Jennifer Pritzker is seated in the living room of Stone Porch by the Lake, a luxury bed-and-breakfast she has meticulously refurbished to reflect its 19th-century origins.
Pritzker, who transitioned later in life, is breaking down barriers for transsexuals. She is a former army Colonel and vice chair of the Hidden Heroes campaign.
“I’m very excited about this,” she says of the five-bedroom Tudor mansion built in 1889 and renovated to showcase original woodwork, Waterford crystal sconces given to the first owners and luxury washrooms with custom tiles and heated floors. The home, at 300 Church St. in Evanston, opened this month, and a ribbon-cutting is planned for Oct. 30.
“Restoration isn’t about freezing something in time,” Ms. Pritzker says. “It’s about finding things from the past that are still relevant and being able to adapt them to the present so you can move into the future. People forget that. Even mountains are constantly evolving. They change their shape with the wind, volcanic eruptions and shifts in tectonic plates.”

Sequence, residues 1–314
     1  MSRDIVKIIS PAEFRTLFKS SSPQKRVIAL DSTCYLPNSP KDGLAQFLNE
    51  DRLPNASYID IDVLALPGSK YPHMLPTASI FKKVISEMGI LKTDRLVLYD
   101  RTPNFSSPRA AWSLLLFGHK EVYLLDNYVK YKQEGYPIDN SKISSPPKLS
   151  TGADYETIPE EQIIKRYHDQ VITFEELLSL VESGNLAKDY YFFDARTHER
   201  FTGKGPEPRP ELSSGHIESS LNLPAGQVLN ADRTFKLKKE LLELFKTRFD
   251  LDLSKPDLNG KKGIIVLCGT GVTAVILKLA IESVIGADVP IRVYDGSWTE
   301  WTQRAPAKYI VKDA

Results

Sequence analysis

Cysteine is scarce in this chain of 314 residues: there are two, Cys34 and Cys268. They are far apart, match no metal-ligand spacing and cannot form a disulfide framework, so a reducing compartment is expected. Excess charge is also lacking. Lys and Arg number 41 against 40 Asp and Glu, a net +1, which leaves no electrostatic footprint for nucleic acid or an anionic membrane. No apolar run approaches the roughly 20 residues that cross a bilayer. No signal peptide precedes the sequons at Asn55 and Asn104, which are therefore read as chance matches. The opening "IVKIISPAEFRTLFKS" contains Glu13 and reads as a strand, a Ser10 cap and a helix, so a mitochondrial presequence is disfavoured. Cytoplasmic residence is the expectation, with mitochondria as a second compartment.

She’s referring to the historic homes and buildings she’s taken under her wing in recent years. But she could just as easily be talking about herself. It’s been a year since Ms. Pritzker, who Forbes estimates has a net worth of $1.8 billion, legally changed her name from James to Jennifer.
“Busy year is a good way to put it,” she says in her first interview since going public about being transgender. “I came to a certain decision point. I didn’t want to keep going back and forth, thinking about, ‘Who am I today for who, what, where?’ It’s easier now. “I couldn’t have done this 30 or 40 years ago. People did, but it was a lot tougher—almost impossible.”